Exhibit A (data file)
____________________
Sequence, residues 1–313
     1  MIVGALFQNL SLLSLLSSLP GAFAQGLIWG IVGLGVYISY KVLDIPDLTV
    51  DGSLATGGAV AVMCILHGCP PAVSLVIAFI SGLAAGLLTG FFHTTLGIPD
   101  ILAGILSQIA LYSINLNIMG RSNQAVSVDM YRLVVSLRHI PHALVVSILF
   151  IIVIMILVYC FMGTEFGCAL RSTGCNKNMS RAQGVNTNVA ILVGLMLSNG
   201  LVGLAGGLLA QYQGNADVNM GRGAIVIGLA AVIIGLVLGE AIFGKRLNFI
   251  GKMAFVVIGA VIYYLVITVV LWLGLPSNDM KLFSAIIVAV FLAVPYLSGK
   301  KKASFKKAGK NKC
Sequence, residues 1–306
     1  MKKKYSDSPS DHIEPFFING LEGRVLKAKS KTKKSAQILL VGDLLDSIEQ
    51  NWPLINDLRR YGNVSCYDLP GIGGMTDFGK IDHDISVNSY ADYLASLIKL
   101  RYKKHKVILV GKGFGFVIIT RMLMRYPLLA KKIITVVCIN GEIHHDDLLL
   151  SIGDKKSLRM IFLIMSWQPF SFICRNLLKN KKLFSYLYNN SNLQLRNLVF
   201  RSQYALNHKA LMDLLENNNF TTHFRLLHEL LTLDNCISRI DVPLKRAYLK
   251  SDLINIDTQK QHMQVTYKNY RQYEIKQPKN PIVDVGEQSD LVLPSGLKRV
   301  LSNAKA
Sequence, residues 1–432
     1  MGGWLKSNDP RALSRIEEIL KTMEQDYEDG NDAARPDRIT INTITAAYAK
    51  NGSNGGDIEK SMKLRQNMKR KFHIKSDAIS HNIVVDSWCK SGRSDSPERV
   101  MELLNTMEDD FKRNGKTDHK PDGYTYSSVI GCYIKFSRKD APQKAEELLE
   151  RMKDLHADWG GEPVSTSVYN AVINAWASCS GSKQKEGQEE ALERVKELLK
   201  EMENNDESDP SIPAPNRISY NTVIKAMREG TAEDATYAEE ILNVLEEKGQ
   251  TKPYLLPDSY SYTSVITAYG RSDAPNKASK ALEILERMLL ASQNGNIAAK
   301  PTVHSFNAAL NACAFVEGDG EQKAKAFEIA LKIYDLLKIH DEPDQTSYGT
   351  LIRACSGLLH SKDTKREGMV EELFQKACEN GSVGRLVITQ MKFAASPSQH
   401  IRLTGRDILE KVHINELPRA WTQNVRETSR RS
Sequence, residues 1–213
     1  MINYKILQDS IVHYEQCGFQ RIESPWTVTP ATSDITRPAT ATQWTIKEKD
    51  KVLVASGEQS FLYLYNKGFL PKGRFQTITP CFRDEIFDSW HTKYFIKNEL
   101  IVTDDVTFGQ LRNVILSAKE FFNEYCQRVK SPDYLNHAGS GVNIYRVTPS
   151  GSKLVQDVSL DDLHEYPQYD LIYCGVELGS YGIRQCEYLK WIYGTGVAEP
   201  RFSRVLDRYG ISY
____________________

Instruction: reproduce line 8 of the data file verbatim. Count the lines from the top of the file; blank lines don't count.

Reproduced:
   301  KKASFKKAGK NKC